A peek into how our industry is defining this new digital role
I analysed 30 different Product Designer roles from some of the most well-respected companies in the world. Why? There’s a common question that keeps popping up in the conversations that I’m having; what is a Product Designer? I think I’m one… but, maybe I’m not…?! Or maybe I am…
It’s actually something that I struggle with explaining to peers in the web industry, but even more so people outside of it, so I took to the research streets to find out what some of the industry-leading companies are expecting of the role.
I sampled job descriptions from companies with teams of all ranges, from startups of under 10 to large companies with over 10,000 employees, to get a better understanding of what this role actually is all about, or at least how we — as an industry — are defining it.
Firstly, I collated the expected skills and traits from an array of role requirements into a skills matrix. This became a tool to assist with identifying what companies were looking for, which skills were more popular, and which skills held more value to potential employers.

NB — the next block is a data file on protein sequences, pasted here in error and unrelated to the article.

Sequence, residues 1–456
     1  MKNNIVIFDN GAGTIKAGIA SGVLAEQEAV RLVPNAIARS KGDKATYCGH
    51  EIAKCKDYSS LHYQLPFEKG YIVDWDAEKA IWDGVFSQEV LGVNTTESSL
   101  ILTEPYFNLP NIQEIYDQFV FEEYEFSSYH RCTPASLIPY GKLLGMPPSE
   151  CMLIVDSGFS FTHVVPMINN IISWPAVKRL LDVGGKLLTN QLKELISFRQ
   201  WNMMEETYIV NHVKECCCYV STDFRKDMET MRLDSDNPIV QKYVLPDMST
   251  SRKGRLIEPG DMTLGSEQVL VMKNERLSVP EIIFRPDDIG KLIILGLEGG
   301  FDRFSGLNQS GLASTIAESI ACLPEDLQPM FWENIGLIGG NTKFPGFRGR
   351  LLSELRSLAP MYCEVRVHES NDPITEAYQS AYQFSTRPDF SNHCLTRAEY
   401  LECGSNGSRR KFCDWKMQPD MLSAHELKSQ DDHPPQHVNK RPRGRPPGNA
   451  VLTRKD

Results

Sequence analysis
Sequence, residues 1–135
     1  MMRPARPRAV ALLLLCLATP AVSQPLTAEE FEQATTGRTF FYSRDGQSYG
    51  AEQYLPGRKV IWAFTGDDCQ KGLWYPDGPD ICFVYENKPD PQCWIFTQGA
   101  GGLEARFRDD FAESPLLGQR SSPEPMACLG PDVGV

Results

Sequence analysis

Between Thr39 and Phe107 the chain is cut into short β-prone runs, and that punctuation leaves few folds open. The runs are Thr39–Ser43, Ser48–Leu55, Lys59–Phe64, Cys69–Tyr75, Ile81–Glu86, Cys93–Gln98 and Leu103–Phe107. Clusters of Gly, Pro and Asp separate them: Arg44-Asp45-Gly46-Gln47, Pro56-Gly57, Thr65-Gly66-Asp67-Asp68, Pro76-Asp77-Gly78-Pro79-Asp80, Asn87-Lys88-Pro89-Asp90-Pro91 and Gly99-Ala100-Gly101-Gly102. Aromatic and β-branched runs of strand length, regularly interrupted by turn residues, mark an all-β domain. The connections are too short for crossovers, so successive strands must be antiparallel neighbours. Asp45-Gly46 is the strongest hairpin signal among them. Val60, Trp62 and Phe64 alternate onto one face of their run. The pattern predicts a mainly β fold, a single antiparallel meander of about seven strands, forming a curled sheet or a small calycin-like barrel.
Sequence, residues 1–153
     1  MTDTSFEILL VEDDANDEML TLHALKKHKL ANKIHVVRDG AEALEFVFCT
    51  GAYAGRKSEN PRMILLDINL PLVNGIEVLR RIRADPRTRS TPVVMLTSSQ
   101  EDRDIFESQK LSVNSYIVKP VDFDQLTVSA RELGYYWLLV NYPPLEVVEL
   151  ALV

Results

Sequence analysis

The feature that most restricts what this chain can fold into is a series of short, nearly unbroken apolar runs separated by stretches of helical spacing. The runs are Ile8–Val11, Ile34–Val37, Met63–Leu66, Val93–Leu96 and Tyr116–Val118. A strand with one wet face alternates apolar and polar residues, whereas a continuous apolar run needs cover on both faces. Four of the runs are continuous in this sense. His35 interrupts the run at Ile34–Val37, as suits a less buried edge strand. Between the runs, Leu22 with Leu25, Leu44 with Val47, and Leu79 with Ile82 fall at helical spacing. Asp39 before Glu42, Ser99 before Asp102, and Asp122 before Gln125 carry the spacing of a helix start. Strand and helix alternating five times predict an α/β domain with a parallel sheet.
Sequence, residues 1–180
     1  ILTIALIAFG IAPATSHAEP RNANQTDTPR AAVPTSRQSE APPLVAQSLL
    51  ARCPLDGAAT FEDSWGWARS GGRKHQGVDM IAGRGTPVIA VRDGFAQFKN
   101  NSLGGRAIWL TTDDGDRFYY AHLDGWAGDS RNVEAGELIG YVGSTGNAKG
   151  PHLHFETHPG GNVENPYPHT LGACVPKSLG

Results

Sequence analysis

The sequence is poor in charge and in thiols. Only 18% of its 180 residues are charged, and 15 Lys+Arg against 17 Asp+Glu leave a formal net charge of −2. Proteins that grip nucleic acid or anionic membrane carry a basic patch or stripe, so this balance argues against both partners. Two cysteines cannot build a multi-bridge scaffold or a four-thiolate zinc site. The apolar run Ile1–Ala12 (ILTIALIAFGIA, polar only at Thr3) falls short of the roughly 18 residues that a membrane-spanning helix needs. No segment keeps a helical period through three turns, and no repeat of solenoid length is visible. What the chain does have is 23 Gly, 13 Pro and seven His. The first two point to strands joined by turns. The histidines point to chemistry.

Result: 36 trackable skills.
My next job was to sift through the job descriptions, assigning a rating to each skill with 0, 1, 2 or Bonus:
- 0 if the job description didn’t mention that skill or trait
- 1 if the skill was mentioned briefly, required a basic understanding or, implied inadvertently
- 2 if the skill was referenced with an adjective like Expert, Superior, Highly Skilled, Excellent, etc
- Bonus if the skill was mentioned as optional or nice-to-have
I also organised the skills into categories to get a better understanding of the scope of Product Designers:
- Foundation Design Skills & Disciplines
- Technical & Additional Knowledge
- Personality & Professional Traits
- Leadership & Teamwork